Carrie Chapman Catt Activist, Reformer for Women Rights, and Founder of the League Of Women Voters
Carrie’s Biography • Born January 8, 1959 and died March 9, 1947 • Carrie attended elementary education in a one-room schoolhouse in Charles City. In 1877, she graduated from high school. Her father refused to provide the money for more education so Carrie taught school for a year, earning enough income to enter Iowa State Agricultural College. During her two years there, she supported herself working in the state library and the college kitchen. She graduated in 1880 – the only woman among 18 graduates. • She desired to become a lawyer so she start4ed studying in Charles City. The next year, she began teaching high school in Mason City, Iowa, with the intent of earning enough money to study law at the university. Her love for teaching overcame the goal of a lawyer so she decided to go back to teaching. Less than two years later, she was appointed principal and superintendent of Mason City Schools.
Laying the Groundwork • At the age of 13, Carrie asked her mother why she wasn’t getting ready to go into town to vote with her father. Her question was ridiculed and told “voting was too important a civic duty to leave to women.” That day was to be a turning point in her life. • Another important point came in high school when she was introduced to Charles Darwin’s “Origin of the Species.” Already wary of traditional religion, yet retaining faith in human potential, Carrie embraced this philosophy - seeing evolutionary science as offering the idea of a constantly evolving and improving world, moving toward a free and peaceful society. Both of these events laid the groundwork for Carrie’s life work.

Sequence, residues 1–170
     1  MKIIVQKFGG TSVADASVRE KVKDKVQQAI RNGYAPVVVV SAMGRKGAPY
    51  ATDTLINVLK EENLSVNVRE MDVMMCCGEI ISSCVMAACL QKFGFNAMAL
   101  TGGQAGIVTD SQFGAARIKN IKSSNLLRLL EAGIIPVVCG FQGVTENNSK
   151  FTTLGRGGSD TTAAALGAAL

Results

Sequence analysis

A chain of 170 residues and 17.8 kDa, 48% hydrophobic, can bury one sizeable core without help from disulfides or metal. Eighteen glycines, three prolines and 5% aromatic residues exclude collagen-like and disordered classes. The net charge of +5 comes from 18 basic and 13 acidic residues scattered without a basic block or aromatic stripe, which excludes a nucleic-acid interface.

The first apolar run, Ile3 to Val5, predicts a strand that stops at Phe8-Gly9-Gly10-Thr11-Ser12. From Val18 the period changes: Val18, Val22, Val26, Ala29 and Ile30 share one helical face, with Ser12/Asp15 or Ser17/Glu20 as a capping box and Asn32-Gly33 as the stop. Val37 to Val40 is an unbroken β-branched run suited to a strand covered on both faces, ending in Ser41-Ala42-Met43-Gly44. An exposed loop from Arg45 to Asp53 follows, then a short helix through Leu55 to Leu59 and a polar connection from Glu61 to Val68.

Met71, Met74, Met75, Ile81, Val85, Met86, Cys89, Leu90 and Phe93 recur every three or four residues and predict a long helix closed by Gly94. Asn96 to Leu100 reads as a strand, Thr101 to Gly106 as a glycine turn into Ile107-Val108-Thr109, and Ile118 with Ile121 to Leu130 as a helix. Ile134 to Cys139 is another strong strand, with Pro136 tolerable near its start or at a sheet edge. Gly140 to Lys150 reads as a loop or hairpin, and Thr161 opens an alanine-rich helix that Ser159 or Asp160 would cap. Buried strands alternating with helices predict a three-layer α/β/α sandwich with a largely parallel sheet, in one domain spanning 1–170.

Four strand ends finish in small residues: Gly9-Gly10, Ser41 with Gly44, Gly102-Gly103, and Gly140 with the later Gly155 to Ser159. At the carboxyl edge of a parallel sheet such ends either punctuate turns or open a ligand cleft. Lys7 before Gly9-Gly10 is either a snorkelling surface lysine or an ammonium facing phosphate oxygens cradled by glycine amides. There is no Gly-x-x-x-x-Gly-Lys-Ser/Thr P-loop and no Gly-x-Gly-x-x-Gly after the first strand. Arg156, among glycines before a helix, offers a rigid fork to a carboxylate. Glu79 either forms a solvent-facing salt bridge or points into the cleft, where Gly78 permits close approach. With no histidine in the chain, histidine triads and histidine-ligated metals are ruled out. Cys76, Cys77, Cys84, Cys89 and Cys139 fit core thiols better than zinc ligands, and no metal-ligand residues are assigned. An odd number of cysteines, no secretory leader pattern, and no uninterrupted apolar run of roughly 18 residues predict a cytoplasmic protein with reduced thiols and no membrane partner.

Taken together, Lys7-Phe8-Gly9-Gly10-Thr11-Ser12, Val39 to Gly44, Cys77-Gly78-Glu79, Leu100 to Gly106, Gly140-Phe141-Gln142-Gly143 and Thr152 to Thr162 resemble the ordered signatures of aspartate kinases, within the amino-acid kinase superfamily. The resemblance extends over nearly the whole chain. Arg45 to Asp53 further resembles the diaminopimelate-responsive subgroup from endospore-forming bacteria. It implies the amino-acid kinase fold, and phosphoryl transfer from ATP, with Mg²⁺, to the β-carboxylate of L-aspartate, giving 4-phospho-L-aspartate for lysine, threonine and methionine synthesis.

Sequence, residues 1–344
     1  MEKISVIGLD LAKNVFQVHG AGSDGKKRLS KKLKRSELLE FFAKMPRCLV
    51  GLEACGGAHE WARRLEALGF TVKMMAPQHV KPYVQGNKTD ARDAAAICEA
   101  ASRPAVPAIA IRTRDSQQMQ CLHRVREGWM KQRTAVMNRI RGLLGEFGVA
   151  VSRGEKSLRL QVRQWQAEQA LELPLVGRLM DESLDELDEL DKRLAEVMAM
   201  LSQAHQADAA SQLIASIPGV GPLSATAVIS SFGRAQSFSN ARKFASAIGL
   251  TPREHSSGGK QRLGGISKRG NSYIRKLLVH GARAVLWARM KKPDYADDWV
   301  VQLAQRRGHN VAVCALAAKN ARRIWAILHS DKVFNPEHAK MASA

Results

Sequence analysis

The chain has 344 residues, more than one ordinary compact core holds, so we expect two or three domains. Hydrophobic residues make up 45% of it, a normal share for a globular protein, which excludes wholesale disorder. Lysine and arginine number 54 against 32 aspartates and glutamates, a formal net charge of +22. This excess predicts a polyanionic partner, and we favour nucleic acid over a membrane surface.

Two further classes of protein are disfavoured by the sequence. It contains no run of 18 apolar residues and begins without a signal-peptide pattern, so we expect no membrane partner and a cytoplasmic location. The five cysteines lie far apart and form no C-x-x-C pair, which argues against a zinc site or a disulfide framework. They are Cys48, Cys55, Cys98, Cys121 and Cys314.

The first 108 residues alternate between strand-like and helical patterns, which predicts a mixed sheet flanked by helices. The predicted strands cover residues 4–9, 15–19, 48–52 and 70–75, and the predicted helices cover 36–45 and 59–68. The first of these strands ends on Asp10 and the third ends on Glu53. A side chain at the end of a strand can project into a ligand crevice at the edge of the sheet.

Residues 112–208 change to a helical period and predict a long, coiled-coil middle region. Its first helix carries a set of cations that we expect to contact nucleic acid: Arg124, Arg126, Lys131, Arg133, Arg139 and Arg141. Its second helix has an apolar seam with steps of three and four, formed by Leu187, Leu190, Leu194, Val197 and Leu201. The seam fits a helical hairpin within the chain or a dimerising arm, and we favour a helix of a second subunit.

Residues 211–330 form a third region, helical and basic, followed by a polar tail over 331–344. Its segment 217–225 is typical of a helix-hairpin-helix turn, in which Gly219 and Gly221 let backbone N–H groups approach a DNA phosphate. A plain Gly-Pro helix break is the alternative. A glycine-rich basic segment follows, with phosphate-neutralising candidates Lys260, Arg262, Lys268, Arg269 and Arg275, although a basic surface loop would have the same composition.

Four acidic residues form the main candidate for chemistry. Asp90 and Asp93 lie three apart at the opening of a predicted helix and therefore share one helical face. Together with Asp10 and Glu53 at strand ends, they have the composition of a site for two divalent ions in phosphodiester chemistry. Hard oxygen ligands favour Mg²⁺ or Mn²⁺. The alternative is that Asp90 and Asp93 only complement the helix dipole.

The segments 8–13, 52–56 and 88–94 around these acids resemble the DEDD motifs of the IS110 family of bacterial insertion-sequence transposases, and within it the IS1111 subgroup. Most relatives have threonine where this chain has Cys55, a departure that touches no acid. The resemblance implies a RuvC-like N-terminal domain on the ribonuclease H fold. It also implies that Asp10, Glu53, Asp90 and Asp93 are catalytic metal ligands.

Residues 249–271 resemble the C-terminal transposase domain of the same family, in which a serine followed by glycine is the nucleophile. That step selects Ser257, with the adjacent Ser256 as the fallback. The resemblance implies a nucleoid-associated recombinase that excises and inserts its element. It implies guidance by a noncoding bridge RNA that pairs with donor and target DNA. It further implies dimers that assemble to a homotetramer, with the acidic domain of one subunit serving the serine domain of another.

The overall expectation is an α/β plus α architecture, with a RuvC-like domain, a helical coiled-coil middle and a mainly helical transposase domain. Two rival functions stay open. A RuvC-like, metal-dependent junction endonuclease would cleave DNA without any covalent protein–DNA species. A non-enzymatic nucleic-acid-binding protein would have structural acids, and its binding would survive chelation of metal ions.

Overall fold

Accomplishments • Once Carrie married Leo Chapman, she resigned from teaching (as married women were not allowed to teach). She then became his business partner, and wrote a “Woman’s World” column – but not about food or fashion, rather about women’s political and labor issues, and reminding women that if they wanted the vote, they needed to organize. • Carried returned to Iowa and began her work for suffrage. She joined the Iowa branch of the Women’s Christian Temperance Union, becoming head of its suffrage section. As that local group began breaking apart, she began organizing women and creating suffrage clubs. In 1889, she was elected secretary of the Iowa Woman Suffrage Association and, the next year, was a delegate and minor speaker at the convention of the National American Woman Suffrage Association (NAWSA) in Washington, D.C. (From 1869 until 1890, the women’s suffrage movement had been divided between two organizations – one headed by Lucy Stone and Henry B. Blackwell, and the other by Susan B. Anthony and Elizabeth Cady Stanton – which had differing methods of achieving their goal; they reconciled differences into NAWSA.) • After Carrie became the successor of the NAWSA, she also founded the International Woman Suffrage Alliance (IWSA), which was officially recognized at a congress held in Washington, D.C., in 1902. Carrie was elected its first president and served until 1923 and remained its president through the successful enactment of the Nineteenth Amendment in 1920, which became her most important accomplishmnet.